I am attempting to build this circuit: https://www.instructables.com/id/H-Bridge-on-a-Breadboard/ But instead of switches, I want ldr s like this circuit: https://www.instructables.com/id/Simple-Easy-Diy-Light-Following-Robot-Without-Micr/ Both of these projects share many of the same parts so one would think this would be simple but it isn t (for me). I am using 9v from 6aaa batteries and the 2222 transistors and ldr s listed. I have a feeling my ignorance of ohms law is to blame here or my limited grasp on how to decypher a circuit diagram. I am willing to learn if you are willing to teach. "googling it" hasn t gotten me far.

  • \$\begingroup\$ to clarify, I do know ohms law. I am just ignorant as to how to use it in this situation. and I suspect that is one of my struggles with this project. \$\endgroup\$ – Chris R Hall Aug 3 at 18:30
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    \$\begingroup\$ Ohm's law is far from being your problem. H-Bridges go forward and backwards. They are generally driven by pulses rather than DC. The LDR circuit in the one project does not switch the motors on and off, it drives them with a signal proportional to the light (brighter light, more current to the motor.) If you want to use the LDR example, then stick with that project. An H-Bridge does you no good in that project. \$\endgroup\$ – JRE Aug 3 at 18:35
  • \$\begingroup\$ are you suggesting that pulsing the light will correct the issue or is there more? I'm not driving this with ambient light. pulsing it is no issue. also, I've already built the other project. I'm not building this project to impress people with my robot. I have a functional use for it if I can get this minor snag worked out. also, I'm aware that the h-bridge goes in both directions. that's the entire purpose of me needing it. \$\endgroup\$ – Chris R Hall Aug 3 at 20:06
  • \$\begingroup\$ You don't have "a minor snag." You have a total conceptual failure. Neither circuit works like you think it does, and you want to combine them based on that incorrect understanding. \$\endgroup\$ – JRE Aug 3 at 20:09
  • \$\begingroup\$ OK, well I already have a product that does exactly this that I'm imitating so clearly it can work. I'm either not explaining what I'm doing properly or you are assuming I know nothing. droidscript.org/product/bigtrak I have one of these. it works. but I want to use a similar concept to drive a gutted rc car. the control system requires the motor to go in either direction. obviously there would need to be a way to control current direction and a way to switch between those using light from a phone screen. If ldrs cannot be used with an h-bridge, then what is the correct way? \$\endgroup\$ – Chris R Hall Aug 3 at 20:42

From what I understand, you simply want to replace the switches in the H-Bridge circuit with a photo resistor to trigger a motor while allowing it to be reversible. I used the Falstad circuit simulator to mock up this kind of circuit and I believe it may be what you are looking for. Below is just a schematic of it.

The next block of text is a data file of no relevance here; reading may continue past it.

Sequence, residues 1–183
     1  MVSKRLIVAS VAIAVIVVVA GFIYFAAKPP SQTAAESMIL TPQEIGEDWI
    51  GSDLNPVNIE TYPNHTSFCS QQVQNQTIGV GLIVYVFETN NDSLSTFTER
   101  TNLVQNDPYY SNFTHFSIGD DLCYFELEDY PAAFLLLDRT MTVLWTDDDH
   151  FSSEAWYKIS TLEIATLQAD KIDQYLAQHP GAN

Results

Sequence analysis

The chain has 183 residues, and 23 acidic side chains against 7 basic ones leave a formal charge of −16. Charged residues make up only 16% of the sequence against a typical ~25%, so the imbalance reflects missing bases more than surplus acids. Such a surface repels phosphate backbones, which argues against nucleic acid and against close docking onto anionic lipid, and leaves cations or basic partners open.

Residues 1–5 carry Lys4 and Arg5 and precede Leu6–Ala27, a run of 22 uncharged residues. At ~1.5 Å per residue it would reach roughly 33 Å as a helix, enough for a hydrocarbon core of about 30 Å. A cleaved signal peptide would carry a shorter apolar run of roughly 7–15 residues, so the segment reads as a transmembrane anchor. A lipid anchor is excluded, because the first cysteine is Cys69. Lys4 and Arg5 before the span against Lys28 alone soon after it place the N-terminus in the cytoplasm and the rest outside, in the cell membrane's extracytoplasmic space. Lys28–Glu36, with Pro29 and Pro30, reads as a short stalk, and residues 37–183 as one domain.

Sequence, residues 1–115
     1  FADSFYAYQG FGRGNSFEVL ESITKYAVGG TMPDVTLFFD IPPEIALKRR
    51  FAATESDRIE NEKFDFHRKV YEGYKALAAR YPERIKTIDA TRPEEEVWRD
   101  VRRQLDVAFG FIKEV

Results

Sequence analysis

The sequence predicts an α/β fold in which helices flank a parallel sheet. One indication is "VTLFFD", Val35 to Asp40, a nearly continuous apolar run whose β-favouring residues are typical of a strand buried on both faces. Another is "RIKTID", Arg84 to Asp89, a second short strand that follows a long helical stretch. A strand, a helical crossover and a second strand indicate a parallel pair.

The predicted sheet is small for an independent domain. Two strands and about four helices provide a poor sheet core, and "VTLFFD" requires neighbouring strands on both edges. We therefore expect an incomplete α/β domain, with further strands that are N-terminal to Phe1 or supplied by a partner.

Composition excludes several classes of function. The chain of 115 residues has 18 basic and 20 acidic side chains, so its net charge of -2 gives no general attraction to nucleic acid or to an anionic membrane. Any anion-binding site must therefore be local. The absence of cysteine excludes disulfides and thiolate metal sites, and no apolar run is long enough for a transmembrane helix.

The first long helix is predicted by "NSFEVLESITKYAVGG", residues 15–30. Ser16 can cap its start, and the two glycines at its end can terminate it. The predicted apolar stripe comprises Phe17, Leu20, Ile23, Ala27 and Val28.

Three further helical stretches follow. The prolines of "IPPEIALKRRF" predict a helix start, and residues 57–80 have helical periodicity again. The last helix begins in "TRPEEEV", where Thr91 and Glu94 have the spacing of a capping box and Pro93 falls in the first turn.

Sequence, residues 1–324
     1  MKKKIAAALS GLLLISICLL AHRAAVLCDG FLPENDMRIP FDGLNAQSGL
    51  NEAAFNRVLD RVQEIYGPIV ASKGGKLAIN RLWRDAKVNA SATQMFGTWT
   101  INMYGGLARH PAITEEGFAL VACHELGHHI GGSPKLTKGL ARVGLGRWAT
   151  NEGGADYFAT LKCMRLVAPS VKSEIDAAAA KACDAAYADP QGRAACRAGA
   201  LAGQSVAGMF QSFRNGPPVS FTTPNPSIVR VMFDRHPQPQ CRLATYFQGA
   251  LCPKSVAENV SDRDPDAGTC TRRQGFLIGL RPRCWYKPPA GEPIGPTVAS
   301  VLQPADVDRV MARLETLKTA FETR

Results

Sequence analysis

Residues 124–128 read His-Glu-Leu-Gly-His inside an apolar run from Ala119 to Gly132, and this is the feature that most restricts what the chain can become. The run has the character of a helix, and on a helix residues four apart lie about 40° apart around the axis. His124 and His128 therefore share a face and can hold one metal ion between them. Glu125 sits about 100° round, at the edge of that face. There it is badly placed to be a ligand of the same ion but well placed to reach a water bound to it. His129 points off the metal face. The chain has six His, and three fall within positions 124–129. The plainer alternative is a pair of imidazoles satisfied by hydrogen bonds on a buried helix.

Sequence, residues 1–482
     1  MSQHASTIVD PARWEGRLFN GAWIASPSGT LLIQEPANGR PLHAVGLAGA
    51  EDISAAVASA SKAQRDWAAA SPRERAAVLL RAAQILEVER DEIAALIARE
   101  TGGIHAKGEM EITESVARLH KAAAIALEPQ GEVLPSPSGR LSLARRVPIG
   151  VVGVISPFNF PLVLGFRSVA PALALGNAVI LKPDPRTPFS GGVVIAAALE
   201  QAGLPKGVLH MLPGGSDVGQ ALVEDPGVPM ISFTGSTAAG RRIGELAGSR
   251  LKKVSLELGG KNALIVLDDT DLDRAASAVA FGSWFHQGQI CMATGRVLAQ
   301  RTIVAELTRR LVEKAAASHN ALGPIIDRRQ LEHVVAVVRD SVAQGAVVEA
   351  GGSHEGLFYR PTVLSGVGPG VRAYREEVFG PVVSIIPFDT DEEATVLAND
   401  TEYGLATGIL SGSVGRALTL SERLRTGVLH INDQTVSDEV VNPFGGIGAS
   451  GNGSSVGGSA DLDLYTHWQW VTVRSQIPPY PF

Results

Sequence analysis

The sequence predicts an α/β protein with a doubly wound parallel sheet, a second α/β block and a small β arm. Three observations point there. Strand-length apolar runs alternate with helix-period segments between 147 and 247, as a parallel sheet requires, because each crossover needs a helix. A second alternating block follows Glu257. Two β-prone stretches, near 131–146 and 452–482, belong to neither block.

simulate this circuit – Schematic created using CircuitLab

As for the actual simulation, you can view it here. I could not find photo resistors, so I used potentiometers to mock the variable resistance of a photo resistor. To try out the circuit, use the Resistance sliders on the right side of the simulator. You will notice that the two outputs at the bottom of the circuit, which represent the motor output, will change voltages independently as the resistance of the photo resistors change. Keep in mind simulations do not often reflect reality, in this case it did. I built the same H-bridge circuit with potentiometers and two LEDs to show motor polarity (Their terminals are swapped relative to each other). Alternating the potentiometers randomly caused the the LEDs to light one at a time with a non-zero voltage reading through both LEDs.

Potentiometer Polarity +/-

Potentiometer Polarity -/+

Interestingly, when the potentiometers were swapped out for photoresistors the whole circuit failed. The potentiometers have a max resistance of 10k while the photoresistors have a max resistance of 8k. I doubt the 2k resistance difference is what causes this, but the nature of the two resistors themselves, please correct me if I am wrong. From this, it seems like the earlier comments are correct and you will not be able to use photo resistors to control an H-Bridge.

Dead circuit

Dead circuit

Using a microcontroller to interpret the photo resistor values and output PWM based on these values could be a solution as well for LDR H-bridge behavior. If you would like to get a head start on figuring out how to read circuit diagrams for the future, I would recommend this thorough tutorial by SparkFun.

  • \$\begingroup\$ the purpose was to avoid a microcontroller. but I found an easier way. thanks for your work, that was much more helpful than the other guy. \$\endgroup\$ – Chris R Hall Aug 7 at 20:49

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